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flighty

Curved closing pin material

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Is there anywhere that I could look up the type of alloy that a typical curved closing pin is made of? I am specifically interested in the nickel content trying to track down if I have a nickel allergy. My closing pin necklace (from my old pilot chute) and a gold wedding band have been causing contact dermatitis.

~Cindy~
Quantum materiae materietur marmota monax si marmota monax materiam possit materiari?
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Ya, looking into it a little more, I think I was confusing surgical steel with stainless steel. Bummer, but at least the allergy thing makes sense and I can go from there.

~Cindy~
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They call it stainless steel, you basically have that in 3 large groups.

The most commonly used kind is "300" series stainless steel. generally they become austenitic by addition of enough nickel. ( the base type 304, contains ± 18% chrome and 10% nickel roughly) The nickel gives the material an austenitic structure and it loses it magnetic abilities if it is fully done right.

I just held a magnet against mine. They are magnetic. Witch generally means it isn't a 300 series.

Given the function of the thing it would be a fairly logical guess they use a 420 or 431 type or similar... ( Martensitic : wear resistant and not overly sensitive to atmospheric pollutants and saltwater for short periods) These types generally have a nickel content of 1-3%( 431) or even no nickel at all(420) and naturally form a chrome-oxide coating... I think the amount of nickel you'd be in contact with would be fairly minimal.

As a disclaimer : i have no idea how severe a nickel-allergy reaction can be... my father also has had problems with chrome plated watches so there could be more evil doers for you...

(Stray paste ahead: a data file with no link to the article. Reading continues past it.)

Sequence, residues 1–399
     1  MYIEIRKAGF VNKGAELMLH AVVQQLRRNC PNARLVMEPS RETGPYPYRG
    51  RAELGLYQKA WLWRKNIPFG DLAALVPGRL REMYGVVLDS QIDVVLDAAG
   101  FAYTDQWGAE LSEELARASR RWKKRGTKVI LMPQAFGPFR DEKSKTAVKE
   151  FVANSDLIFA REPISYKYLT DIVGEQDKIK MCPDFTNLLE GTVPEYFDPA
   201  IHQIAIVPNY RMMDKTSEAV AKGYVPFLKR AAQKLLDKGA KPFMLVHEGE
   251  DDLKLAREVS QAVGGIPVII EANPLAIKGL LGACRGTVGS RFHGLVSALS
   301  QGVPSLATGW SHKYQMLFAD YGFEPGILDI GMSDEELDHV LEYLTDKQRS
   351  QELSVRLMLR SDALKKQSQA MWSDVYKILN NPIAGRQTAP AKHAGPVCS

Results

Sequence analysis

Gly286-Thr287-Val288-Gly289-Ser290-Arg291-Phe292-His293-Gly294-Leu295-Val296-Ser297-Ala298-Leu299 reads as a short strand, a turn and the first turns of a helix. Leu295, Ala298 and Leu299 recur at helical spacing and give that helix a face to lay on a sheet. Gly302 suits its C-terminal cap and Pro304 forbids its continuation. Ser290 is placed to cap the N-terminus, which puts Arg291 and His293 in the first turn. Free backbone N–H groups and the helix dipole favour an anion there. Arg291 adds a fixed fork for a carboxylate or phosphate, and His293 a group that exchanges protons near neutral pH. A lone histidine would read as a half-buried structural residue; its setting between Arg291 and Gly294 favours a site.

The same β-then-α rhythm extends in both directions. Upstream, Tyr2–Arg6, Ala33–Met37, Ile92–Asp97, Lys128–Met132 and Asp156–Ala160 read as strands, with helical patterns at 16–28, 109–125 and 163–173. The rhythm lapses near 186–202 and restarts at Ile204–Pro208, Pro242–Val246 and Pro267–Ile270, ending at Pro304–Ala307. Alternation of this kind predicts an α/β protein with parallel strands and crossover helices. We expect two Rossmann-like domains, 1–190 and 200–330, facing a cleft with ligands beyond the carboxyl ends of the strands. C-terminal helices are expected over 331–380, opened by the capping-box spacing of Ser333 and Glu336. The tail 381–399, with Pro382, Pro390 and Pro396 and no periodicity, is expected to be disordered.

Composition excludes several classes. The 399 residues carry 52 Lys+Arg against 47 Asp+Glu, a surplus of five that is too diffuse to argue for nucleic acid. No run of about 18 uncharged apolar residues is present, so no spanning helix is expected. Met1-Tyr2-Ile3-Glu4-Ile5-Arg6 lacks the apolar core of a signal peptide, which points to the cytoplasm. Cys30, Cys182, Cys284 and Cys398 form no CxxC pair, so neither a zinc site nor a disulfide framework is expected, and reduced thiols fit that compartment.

Another disclaimer : there are a few thousands of specific kinds of stainless steel, i am doing some educated guesswork here. I haven't analysed the things although i could determine a general composition at work if wanted.
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Interesting... My pin is magnetic but just slightly. I have a really strong magnet here at my desk and it barely pulls on the pin.

The other metal that is causing the blisters is 10k gold which wouldn't have much nickel either I think.

From what I'm reading, once you are sensitized, jewelry with small amounts of it can set you off.

~Cindy~
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10 karat gold is roughly 40% gold with 60% other metals to create a more wear resistant item...

Usually silver, copper, nickel and tin if i am correct... i believe they aren't obliged to mention the exact composition.

Interesting to know : Nickel is in the same metal group as platinum, so it could biochemically give a similar irritation.

Although i strongly doubt they would use platinum in closing pins and if it was in your jewelry they would make a big deal out of it so you'd probably know..